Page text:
I really don’t get why people do this. Someone’s Facebook status warns that Facebook is going to start charging, asks us to give money to a charity, or alerts us to the disappearance of a child. In the old days people would ask their friends to cut and paste the information to their Facebook status. Today we just have to hit the “share.” There, that status is our status! When you do that, you have put your name on something without checking it out, without knowing where it came from. Is that charity real or false? Do you really want your name associated with . . . a fake charity? Outdated information? Downright lies?
That’s just what happened this morning on Barbara Hannah Grufferman’s Facebook page. Now, I think Barbara is the cat’s pajamas. Not only does she write compellingly about being over 50; she just ran the New York City Marathon. She is also totally beautiful, always upbeat, and introspective–a perfect model for baby boomer women. (Those of you on Twitter can follow her at @BGrufferman. Her tweets are clever and informative.) So naturally she’d be interested in an essay by Andy Rooney about women over 40–one came her way, and she posted it. And people shared it–even after a couple of commenters pointed out that Andy Rooney did not write this. Indeed, Rooney called this piece “a saccharine collection of comments” when it was brought to his attention in 2003. Today, when I saw it on Barbara’s status, I recognized the essay from years ago, and I remembered that Snopes.com, the people who verify or debunk Internet rumors, had found the author years ago, one Frank Kaiser, who tends more toward the sentimental than to Rooney-esque acerbic wit.
So you’d think that after the first person posted the link to Snopes people would stop sharing. Nope. The comments still glowed; people still shared. Even after I reiterated the Snopes findings and added a link to Benjamin Franklin’s encomium on the merits of older women (http://bit.ly/vmkUfp; I got two likes for that–it’s a riot, and the guy was no prude), people are still sharing this little piece about older women that Andy Rooney didn’t write.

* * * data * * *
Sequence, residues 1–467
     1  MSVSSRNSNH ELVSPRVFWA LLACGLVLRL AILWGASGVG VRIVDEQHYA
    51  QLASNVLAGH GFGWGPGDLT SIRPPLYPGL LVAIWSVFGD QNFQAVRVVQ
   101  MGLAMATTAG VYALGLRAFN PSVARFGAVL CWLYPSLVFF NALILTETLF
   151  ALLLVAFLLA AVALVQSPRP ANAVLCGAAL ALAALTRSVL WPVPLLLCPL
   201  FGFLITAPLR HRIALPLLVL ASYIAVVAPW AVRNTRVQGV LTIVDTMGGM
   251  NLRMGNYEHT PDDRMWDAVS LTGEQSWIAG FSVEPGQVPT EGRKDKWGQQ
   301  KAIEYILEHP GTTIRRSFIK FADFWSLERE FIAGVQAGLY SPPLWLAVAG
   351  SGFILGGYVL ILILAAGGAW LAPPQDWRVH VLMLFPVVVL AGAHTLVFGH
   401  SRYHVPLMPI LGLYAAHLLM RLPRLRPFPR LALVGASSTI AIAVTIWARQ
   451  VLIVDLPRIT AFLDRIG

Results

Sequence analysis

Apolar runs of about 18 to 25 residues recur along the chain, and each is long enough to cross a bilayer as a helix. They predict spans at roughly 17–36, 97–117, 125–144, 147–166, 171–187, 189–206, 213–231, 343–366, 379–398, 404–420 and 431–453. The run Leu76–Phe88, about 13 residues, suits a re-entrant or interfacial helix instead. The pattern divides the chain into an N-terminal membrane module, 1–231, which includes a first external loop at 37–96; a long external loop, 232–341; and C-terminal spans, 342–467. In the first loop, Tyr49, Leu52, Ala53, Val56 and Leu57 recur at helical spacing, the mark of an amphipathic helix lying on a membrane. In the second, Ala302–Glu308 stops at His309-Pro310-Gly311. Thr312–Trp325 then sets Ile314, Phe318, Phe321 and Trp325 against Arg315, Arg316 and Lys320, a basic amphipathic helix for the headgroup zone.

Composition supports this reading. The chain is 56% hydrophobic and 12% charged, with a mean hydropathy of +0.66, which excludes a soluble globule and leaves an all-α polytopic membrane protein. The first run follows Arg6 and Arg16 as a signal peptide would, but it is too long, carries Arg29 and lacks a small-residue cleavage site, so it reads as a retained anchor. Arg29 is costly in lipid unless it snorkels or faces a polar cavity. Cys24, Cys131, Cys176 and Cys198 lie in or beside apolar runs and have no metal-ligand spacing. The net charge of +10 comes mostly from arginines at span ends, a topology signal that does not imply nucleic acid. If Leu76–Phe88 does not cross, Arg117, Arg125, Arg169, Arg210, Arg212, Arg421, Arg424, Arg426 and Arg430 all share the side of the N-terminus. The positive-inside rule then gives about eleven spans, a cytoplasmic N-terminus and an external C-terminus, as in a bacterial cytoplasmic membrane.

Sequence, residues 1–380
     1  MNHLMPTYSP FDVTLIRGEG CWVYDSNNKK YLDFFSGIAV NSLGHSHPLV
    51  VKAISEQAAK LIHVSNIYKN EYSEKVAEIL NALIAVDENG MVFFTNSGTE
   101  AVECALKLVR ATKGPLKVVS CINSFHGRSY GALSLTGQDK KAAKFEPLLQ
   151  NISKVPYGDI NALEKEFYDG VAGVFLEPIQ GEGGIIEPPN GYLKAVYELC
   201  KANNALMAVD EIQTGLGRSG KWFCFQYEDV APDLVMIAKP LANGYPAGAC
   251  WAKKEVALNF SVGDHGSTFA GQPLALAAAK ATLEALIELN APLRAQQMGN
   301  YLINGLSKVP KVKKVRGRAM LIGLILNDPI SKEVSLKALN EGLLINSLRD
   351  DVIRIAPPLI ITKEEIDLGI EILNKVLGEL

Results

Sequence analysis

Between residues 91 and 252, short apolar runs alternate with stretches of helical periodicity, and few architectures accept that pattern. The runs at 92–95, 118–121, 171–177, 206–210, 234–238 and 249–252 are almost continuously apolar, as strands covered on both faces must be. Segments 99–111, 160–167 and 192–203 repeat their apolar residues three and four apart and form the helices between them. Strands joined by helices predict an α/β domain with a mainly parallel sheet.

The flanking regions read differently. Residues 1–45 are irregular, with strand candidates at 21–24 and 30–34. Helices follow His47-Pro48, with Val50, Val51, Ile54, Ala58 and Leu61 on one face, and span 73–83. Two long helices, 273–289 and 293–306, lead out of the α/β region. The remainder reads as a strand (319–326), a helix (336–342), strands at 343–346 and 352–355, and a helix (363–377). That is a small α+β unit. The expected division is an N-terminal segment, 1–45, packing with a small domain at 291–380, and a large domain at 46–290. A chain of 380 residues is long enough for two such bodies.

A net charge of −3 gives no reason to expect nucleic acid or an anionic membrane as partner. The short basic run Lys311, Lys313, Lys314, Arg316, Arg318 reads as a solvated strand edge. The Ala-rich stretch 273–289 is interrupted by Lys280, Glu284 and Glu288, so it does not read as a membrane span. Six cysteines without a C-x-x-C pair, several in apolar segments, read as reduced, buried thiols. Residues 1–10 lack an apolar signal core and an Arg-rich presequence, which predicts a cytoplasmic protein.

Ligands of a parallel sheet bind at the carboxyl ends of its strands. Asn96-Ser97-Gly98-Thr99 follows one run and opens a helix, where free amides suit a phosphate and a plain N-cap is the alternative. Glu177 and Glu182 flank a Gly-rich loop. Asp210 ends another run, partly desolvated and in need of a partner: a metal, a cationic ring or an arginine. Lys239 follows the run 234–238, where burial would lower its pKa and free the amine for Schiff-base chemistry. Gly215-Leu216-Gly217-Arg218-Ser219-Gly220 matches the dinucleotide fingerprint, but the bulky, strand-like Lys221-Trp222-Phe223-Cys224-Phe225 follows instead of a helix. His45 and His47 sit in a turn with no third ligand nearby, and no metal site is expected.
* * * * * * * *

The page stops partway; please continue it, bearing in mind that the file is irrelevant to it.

Sure, I was trained to be a scholar, that is, research stuff. My urge to dig into information and find sources has also been an asset for my forays into journalism. It also means that some of my friends probably think I’m a bit of a pain in the rear. Really, so what that a status is all about Poem in Your Pocket Day, even if Poem in Your Pocket Day was six months ago? It’s just Facebook.
Still, there’s something wrong here. The first thing that gets me: People don’t bother to check their sources. It’s non-thinking like that that enables schemers to rob people of their money. (Yeah, if his investors had really checked out Bernie Madoff, they wouldn’t have handed over those bags of moolah. Notice who didn’t invest with him: hedge funds, other investors–people who read the fine print.) Sure, no one is going to think badly about the people who “shared” Barbara’s status. Andy Rooney may not have liked the piece, but others do, evidently. Still, do you want to be the one passing on false information?
And that kind of leads to my second gripe: Wrong attribution. In school we learn about plagiarism and are told not to do it. People’s words belong to them. This piece is really popular, and Frank Kaiser should be getting the credit. (Except that having Rooney’s name on it gives it an extra oomph and it’s bound to get more clicks.)
Everyone on social media does this–passes on information without checking it out. But when people start the blame game, it’s often older uses of social media who are cited. We are careless, people say. I maintain that baby boomers are really smart and really smart users of social media.
So if you like Frank Kaiser’s essay, give him credit in your share. Go to Google. Or, here, I’ll give it to you: http://bit.ly/uG0ipJ. Be the first one on your Facebook to get it right.
Think I need to lighten up? Or is this one of your pet peeves too? Let me know in the comment box. You can always find me there or on Twitter. I’m @wordwhacker.
(There is, by the way, a very real missing child, who is getting social media and news attention as of this writing. On November 5, 2011 a girl from Wayland, MA ran away from home and was last seen in New York City Port Authority tapes. People are looking in Brooklyn for her. Here’s an early report, http://bit.ly/sg4gvH, and another from yesterday’s Huffington Post http://huff.to/rJ91rF.)